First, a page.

August 4, 2012 — For all of my work this summer, I worked with a student from the University of Antananarivo, Madagascar. I asked him to write a short blog to tell a little about himself and to explain how he got involved working on field projects with us. – Jennifer Moore

My name is Manitra Fabien Rajaonarison. I am 28 years old, and I’m married with one daughter. I live in Antananarivo, Madagascar’s capital, and I am a Master’s (or “DEA” as we call it here in Madagascar)student in the Biology, Ecology, Animal Conservation Department at the Antananarivo University.  My thesis title is “Behavioral, dietary, and ranging study of the silky sifaka in the low elevation Andaparaty forest, Makira, Maroantsetra, North-eastern of Madagascar.”

In May 2011, my department asked me if I was interested to be the research assistant for a project involving Duke Lemur Center veterinarian, Dr. Bobby Schopler and Duke Lemur Center Post-Doc, Dr. Erik Patel.  The goal was to capture 1 group of silky sifakas, conduct a biomedical health assessment, and then I would continue to follow this group for 5 months in order to collect behavioral and feeding data on this unique low elevation group inhabiting a disturbed forest.  I enjoyed my work in Makira and it was very good training for me.  We already identified some different foods that silky sifakas are eating in Makira compared to Marojejy.  Home range size was also larger in Makira than in Marojejy.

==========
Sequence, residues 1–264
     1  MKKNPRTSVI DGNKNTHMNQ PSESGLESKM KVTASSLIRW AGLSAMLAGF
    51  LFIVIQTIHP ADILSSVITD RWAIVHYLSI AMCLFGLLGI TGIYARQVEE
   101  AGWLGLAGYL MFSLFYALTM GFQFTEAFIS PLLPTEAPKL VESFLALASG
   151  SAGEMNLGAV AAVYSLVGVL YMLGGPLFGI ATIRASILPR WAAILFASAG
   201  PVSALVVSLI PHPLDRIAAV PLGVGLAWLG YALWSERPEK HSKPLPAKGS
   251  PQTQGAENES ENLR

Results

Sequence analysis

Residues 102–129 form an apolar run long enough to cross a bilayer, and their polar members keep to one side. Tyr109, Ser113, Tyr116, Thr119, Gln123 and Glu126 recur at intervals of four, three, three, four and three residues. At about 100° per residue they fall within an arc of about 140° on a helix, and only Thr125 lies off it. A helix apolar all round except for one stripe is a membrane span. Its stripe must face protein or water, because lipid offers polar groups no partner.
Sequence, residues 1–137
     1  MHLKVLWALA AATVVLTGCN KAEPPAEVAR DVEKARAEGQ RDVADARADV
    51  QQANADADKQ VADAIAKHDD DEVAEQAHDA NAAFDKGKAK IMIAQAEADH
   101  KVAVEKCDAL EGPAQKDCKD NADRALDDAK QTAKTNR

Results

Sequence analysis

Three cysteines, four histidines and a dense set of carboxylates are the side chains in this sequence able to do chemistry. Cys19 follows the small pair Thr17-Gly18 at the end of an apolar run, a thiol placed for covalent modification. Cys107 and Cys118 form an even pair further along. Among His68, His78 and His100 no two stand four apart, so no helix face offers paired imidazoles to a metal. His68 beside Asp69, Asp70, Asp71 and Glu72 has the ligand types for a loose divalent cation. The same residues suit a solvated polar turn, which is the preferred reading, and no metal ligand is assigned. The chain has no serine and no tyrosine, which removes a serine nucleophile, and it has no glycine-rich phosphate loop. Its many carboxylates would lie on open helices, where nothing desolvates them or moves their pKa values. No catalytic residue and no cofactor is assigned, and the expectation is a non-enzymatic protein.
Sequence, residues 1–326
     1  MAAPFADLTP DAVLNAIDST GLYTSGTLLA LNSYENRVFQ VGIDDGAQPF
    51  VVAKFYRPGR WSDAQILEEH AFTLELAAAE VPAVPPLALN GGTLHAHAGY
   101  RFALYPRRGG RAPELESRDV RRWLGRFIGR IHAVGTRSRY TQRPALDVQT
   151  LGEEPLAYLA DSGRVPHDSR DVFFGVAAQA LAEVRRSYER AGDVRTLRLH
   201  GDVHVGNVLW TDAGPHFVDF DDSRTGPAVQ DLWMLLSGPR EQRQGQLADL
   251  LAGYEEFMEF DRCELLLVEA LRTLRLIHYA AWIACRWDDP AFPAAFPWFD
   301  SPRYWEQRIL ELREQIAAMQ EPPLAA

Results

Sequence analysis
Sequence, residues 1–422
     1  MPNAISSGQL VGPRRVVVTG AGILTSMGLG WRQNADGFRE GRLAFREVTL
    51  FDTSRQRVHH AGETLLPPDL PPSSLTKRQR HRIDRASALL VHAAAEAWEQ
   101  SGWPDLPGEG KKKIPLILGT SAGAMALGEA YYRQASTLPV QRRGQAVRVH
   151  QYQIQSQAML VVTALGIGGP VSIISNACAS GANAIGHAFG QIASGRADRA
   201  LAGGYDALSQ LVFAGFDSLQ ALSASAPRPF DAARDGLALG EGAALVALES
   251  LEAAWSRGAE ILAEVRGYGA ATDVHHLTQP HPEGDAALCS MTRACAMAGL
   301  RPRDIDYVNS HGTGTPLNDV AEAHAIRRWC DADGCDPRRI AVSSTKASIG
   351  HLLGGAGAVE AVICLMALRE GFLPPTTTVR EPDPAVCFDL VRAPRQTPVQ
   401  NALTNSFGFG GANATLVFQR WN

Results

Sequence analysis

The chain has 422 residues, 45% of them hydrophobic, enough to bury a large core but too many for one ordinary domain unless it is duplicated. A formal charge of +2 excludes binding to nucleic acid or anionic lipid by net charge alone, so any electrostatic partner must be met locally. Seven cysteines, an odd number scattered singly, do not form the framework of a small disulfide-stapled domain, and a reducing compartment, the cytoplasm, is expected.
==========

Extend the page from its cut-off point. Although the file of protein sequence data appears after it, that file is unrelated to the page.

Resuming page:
More recently, since May 2012 I have been working with Duke Master’s Student Jennifer Moore.  Jennifer’s project included lemur population surveys in two remote regions of Marojejy National Park as well as remote sensing of satellite photos to assess disturbance.  The project has lasted  three months, and we used in total 5 transects at different elevations in 2 camps.  Before starting data collection, Jennifer gave me and the local guides a training concerning data recording. I enjoyed particularly the night walk survey. We were in the park during the cold rainy season, which made the trip quite hard with the steep paths, the mud, and the leeches… But fortunately, I worked with a good team.